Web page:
What is News?

News is important information about people, places or things that have happened. It can be broadcast on TV or radio, written in newspapers, posted online or yelled across a school yard. News stories can include all sorts of things – accidents, disasters or other natural events, politics or business, wars and terrorism, celebrity or sporting achievements. News stories can also be about people – what they do, who they are and what their problems are. News can be interesting or exciting or boring or frustrating or controversial.

Traditionally, News has been considered to be anything that is new and of interest to the reader. Some theories of News writing suggest that it should reflect reality and be factual, but that doesn’t mean that it can’t be entertaining or appealing. News stories are all about people, so they are often centred on famous people or their achievements. News about money – fortunes made and lost, taxes, schools fees, the budget, wages, food prices or compensation claims – is also important to many readers.

Stories about crime – road traffic offences, burglaries, murders, forgery or theft – can make the headlines, especially when they are committed by someone well known. Stories about health – traditional remedies, medical research, diseases and hospitals – also often have an impact on readers. Likewise, news about sex can attract attention, particularly when it involves behaviour that is unusual or goes against the social norm.

Local news stories are important, as are world events and weather reports. Some stories are of global importance, such as political turmoil in another country or major catastrophes such as an earthquake or a flood. Other stories are more specific, such as a fire or an accident at a local supermarket. These stories usually have a greater impact on the readers because they happen close to home.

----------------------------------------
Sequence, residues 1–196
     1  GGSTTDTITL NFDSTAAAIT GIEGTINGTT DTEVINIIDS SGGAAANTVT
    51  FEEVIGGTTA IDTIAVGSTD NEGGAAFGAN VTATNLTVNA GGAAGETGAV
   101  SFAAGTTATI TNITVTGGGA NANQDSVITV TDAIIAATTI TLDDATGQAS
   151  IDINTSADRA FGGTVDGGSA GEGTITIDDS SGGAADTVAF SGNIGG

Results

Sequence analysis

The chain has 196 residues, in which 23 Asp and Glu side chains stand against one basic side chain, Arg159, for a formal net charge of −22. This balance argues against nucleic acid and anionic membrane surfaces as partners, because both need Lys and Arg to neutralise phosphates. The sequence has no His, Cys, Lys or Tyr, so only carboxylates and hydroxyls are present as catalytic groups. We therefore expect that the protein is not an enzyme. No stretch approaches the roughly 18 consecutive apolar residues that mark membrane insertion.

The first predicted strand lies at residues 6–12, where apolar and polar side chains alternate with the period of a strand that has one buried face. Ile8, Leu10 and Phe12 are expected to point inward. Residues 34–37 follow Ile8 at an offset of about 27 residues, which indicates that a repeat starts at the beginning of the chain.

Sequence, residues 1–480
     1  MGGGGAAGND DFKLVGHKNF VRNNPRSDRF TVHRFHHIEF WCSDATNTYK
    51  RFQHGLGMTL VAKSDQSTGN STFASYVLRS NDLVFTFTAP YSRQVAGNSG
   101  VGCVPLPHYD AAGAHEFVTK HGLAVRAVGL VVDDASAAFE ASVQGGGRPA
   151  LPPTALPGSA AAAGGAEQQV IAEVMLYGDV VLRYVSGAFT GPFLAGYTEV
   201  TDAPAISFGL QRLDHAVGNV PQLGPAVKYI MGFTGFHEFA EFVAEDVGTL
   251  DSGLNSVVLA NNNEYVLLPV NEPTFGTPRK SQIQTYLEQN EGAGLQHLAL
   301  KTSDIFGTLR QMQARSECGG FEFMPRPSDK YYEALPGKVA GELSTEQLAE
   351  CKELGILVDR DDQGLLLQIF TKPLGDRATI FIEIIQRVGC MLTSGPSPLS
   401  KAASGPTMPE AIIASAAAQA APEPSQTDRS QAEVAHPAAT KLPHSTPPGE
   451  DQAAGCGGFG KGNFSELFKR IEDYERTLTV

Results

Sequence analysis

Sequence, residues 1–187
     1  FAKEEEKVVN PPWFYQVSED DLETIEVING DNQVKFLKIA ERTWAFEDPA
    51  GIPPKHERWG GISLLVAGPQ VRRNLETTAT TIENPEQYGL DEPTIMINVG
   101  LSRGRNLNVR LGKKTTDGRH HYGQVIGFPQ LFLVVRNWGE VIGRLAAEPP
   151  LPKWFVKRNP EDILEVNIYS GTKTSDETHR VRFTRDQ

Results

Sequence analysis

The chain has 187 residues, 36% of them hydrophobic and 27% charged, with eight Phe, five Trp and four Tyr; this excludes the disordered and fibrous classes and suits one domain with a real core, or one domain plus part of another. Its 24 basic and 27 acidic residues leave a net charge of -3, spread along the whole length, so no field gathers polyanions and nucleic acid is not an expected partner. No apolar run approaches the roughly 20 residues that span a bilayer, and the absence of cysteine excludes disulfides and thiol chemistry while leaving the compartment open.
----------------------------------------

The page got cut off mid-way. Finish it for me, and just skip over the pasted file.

When writing a news article it is useful to remember that people want the most important information first. The inverted pyramid model of news writing is useful, placing the most important or fascinating information at the top of the article – above the fold (a crease in a newspaper) or in the case of web articles, the bottom of the page before you start scrolling. This allows you to engage your readers and keep them reading. It’s also a good idea to write in a clear and concise manner so that the information is easy for the reader to understand, without losing the vital details. Finally, it’s always important to acknowledge your sources – where did you get the information from? The use of direct quotes is usually the best way to do this. You should always check your facts before publishing, and if you are unsure about something do not hesitate to contact the source for clarification. This will not only improve your credibility as a reporter, but it could help you avoid legal trouble down the line. This is particularly important if you are reporting on controversial topics such as politics or religion.